Last week's arrest of a man alleged to help run the Silk Road 2.0 online drug bazaar has touched off speculation he was identified using a controversial attack that for six months last year systematically worked to deanonymize users of the Tor privacy service.
In a search warrant affidavit filed earlier this month, a special agent with the Department of Homeland Security said the Silk Road follow-on site was accessible only as a hidden service on Tor, a measure that typically would have made it impossible to identify the IP addresses hosting the underlying servers, as well as IPs used by end users who accessed them. Despite the use of Tor, FBI investigators were able to identify IP addresses that allegedly hosted and accessed the servers, including the Comcast-provided IP address of one Brian Farrell, who prosecutors said helped manage SR2. In the affidavit, DHS special agent Michael Larson wrote:
From January 2014 to July 2014, a FBI NY Source of Information (SOI) provided reliable IP addresses for TOR and hidden services such as SR2, which included its main marketplace URL (silkroad6ownowfk.onion), its vendor URL (vx3w763ohd256iyh.onion), its forum URL (silkroad5v7dywlc.onion) and its support interface (uz434sei7arqunp6.onion). The SOI's information ultimately led to the identification of SR2 servers, which led to the identification of at least another seventeen black markets on TOR.
The SOI also identified approximately 78 IP addresses that accessed a vendor .onion address. A user cannot accidentally end up on the vendor site. The site is for vendors only, and access is only given to the site by the SR2 administrators/moderators after confirmation of a significant amount of successful transactions. If a user visits the vendor URL, he or she is asked for a user name and password. Without a user name and password, the vendor website cannot be viewed.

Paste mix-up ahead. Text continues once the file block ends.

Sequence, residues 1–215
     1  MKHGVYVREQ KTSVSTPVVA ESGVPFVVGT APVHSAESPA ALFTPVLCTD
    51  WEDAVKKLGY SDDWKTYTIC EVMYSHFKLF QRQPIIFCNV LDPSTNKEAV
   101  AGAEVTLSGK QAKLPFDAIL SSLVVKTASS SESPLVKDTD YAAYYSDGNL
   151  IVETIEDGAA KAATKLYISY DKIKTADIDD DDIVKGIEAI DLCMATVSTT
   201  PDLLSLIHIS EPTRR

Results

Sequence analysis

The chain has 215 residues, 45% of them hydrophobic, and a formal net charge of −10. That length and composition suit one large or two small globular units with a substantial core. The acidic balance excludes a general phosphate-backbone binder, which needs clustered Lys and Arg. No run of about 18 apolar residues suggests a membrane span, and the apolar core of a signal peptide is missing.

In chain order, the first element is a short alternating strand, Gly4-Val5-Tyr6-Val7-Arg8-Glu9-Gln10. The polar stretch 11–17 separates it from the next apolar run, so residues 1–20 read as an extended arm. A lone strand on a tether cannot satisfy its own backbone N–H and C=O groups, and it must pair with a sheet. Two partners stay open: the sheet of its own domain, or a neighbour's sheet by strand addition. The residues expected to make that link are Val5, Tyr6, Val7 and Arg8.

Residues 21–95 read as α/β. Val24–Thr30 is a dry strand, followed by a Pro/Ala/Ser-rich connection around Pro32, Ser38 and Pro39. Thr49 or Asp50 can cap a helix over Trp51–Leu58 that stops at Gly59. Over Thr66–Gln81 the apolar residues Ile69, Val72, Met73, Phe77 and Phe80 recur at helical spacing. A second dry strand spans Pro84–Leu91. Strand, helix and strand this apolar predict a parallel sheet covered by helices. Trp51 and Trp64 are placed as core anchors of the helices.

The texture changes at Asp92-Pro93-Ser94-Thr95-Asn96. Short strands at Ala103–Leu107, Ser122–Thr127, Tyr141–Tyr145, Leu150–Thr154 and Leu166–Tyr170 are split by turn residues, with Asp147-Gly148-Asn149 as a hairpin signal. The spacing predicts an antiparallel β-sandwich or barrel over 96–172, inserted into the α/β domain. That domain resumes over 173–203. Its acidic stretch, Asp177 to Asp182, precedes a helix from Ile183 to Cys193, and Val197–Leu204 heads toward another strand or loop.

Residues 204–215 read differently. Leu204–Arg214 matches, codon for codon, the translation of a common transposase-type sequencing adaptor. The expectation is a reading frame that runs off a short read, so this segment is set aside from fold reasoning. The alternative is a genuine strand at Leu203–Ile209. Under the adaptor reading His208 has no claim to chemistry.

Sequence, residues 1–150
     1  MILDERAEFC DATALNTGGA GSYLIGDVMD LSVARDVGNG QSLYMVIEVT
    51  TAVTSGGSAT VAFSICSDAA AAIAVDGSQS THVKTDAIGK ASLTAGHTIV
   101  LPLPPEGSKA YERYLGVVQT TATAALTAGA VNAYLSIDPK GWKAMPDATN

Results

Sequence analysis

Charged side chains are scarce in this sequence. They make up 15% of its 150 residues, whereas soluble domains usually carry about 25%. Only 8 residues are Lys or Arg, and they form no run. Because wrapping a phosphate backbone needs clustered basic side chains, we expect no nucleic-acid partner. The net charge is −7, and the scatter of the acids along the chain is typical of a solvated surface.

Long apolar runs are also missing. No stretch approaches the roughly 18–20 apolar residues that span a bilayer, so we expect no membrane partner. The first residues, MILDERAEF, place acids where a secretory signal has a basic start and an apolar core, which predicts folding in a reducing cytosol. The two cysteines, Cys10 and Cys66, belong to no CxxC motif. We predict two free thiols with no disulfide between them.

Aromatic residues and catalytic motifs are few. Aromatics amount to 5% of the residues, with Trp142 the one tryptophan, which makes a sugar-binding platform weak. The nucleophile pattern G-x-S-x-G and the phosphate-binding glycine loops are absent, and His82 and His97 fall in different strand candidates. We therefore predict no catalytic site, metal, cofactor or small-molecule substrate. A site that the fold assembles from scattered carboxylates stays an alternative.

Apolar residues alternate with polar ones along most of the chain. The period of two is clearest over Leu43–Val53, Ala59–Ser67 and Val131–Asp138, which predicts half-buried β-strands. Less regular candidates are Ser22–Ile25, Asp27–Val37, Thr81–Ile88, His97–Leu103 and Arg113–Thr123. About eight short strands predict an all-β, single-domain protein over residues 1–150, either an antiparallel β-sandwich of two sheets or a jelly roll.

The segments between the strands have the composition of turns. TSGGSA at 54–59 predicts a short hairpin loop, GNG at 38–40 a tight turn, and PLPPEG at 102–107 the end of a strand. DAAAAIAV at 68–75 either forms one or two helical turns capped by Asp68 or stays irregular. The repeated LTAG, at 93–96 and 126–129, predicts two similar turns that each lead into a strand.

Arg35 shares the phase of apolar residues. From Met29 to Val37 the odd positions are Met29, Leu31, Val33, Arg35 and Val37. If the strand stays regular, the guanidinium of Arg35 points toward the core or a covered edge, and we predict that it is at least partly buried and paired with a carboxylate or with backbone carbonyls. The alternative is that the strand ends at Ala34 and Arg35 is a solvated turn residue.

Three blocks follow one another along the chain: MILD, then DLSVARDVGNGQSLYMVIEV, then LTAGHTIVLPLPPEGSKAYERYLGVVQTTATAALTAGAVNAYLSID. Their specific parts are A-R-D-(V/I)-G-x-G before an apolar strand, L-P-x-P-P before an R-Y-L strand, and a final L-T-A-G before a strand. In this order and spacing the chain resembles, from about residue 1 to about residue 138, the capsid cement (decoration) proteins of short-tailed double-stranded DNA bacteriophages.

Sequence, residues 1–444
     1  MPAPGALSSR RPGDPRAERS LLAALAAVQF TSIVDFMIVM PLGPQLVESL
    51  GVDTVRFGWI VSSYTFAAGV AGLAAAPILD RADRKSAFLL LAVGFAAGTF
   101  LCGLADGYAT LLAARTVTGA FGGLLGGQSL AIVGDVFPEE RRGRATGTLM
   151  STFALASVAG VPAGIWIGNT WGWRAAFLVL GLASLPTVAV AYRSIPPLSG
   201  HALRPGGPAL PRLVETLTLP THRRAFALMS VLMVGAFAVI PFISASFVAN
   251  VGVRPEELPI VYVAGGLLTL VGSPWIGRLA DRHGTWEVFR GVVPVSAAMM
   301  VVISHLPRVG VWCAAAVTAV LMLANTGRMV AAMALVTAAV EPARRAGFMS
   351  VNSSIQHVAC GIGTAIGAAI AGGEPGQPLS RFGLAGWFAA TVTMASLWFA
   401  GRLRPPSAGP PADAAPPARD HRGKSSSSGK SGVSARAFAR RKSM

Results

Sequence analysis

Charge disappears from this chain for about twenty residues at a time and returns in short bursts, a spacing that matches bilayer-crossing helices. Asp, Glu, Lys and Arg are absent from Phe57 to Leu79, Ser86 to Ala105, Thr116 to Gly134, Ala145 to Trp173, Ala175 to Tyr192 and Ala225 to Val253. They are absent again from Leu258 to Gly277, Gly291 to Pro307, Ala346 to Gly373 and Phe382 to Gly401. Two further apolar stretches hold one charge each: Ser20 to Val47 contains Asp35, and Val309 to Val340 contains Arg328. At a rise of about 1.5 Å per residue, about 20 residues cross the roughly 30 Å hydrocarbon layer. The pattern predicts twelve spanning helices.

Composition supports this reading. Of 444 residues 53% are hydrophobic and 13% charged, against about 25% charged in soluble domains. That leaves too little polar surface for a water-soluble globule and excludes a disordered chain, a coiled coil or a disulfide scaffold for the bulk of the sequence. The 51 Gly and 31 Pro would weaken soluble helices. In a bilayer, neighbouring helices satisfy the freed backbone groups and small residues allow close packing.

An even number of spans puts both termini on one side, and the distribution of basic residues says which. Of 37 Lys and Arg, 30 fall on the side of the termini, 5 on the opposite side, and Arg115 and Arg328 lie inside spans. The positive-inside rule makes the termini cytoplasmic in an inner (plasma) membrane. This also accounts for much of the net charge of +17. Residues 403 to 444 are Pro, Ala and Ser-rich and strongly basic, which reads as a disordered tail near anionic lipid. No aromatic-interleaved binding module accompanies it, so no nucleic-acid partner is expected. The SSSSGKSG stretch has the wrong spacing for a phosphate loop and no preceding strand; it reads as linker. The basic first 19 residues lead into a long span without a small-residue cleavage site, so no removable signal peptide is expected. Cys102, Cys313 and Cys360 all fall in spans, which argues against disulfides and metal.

The timeframe of the information leak bears a striking resemblance to a deanonymization attack uncovered in July by Tor officials. For six months, the people behind the campaign exploited a previously unknown vulnerability in the Tor protocol to carry out two classes of attack that together may have been enough to uncloak people using Tor Hidden Services. The decloaking effort began in late January 2014 and ran until early July when Tor officials shut it down. The Tor officials said the characteristics of the attack resembled those discussed by a team of Carnegie Mellon University researchers who a few weeks earlier canceled a security conference presentation on a low-cost way to deanonymize Tor users. The Tor officials went on to warn that an intelligence agency from a global adversary also might have been able to capitalize on the vulnerability.